tick tock tick tock hear that? that's the sound of time running out on your freedom to even write this kind of dissension in an open forum. soon enough, kiddies, it will be illegal to engage in this kind of anti-state/anti-media diatribe. this is what you all get for letting them get away with the patriot act...

StewartIII said...

"This case was all about reporter Steve Wilson and his wife, working not for FNC but for a Fox affiliate in Florida (it would later be a Fox-owned station but this all began when it was still independent). The kerfuffle was over their report on the safety of a Monsanto food additive. The station refused to air the original version deeming it one-sided. Wilson and Wife, having refused to allow Monsanto's point of view in the story, were eventually let go, and a report aired without their participation. Lawrence Grossman in the Columbia Journalism Review stated it was:"
'a strong and effective three-part investigative series on the subject, produced by a different reporter, Nathan Lang. His series was hardly any different in substance from the versions that Akre and Wilson and the station had been battling over the previous year.'
"So much for the Fox plot to bury the story. As for the truth of the allegations, the Washington Post summed it up:"
"Wilson and Wife sued WTVT. The jury threw out Wilson's case, but found for his wife on the issue of wrongful termination of a whistleblower. Then the appeals court stepped in with its widely cited (but rarely quoted verbatim) decision.

Keep in mind that the court did not find anything about the 1st Amendment giving broadcasters the right to "legally lie". How could that be relevant, as there was no issue in the case involving "lying", and the court was never asked to rule on any such issue. The court's decision (which makes no mention of the 1st Amendment) resolved an employment dispute, centering on the issue of whether Wilson's wife qualified under the legal definition of "whistleblower". They found that she did not, based on a complicated technicality. Whistleblowers expose violations of laws, rules, or regulations. The FCC does have policies regarding "news distortion", but do they amount to a "rule"? The court didn't find that they did, but said even if they did amount to a "rule", there was another impediment. To apply in a termination suit Florida law required that rules be "adopted" rather than put in place via an adjudicative procedure. For those reasons, Ms Akre's victory was reversed, leaving both plaintiffs with unsuccessful verdicts.",%202003/2D01-529.pdf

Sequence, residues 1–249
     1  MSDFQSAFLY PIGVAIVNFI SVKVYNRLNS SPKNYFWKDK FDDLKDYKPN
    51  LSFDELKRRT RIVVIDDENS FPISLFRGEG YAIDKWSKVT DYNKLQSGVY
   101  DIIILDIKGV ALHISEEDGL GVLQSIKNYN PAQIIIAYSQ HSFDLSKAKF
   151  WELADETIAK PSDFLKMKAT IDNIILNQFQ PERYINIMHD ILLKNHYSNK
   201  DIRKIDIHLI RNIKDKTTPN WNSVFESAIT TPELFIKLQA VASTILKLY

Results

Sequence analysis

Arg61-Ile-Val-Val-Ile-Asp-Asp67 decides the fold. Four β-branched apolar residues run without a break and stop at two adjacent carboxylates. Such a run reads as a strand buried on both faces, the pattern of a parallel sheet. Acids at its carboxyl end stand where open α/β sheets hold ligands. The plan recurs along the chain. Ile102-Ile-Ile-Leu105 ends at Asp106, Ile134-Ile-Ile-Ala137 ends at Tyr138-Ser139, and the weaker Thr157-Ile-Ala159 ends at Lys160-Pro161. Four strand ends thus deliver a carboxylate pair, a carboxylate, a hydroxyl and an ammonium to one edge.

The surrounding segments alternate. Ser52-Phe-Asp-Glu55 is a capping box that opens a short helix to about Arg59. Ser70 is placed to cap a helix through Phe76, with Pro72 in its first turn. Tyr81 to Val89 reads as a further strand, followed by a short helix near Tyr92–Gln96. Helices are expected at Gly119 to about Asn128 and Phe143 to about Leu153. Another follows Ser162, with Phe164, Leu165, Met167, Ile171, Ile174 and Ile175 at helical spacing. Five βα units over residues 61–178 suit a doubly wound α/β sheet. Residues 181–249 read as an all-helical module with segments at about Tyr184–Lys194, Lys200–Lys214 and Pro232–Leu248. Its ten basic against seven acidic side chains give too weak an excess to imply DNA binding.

"Wilson and his cohorts claimed that the court "ruled" that media have the right to lie, despite the fact that the court made no such ruling and there was no "lying" at issue in the suit. This spin was echoed by Salon, Biotalk, and others. Then this week's post from ceasespin made it Big News all over again."
"Today Steve Wilson is a reporter for WXYZ-TV in Detroit, where his antics are still raising eyebrows and questions. A specialist in "ambush" journalism, Wilson is nonetheless a hero to the blue blogs and Fox haters who attack Bill O'Reilly for the same tactic."
FOX News Haters Week In Review

Anonymous said...

Stewartill is a liar. The Fox News channel's lawyer said, IN COURT, that "A news program was not obliged to report the truth.", so, in part, their case was about the ability to lie on a news show.

The mistake now being made is that there ought to be a class action suit against this station for false advertising, as the news is supposed to be current events, which of course can only be events if they are true, otherwise it isn't an event is it? It's just someone's imaginings.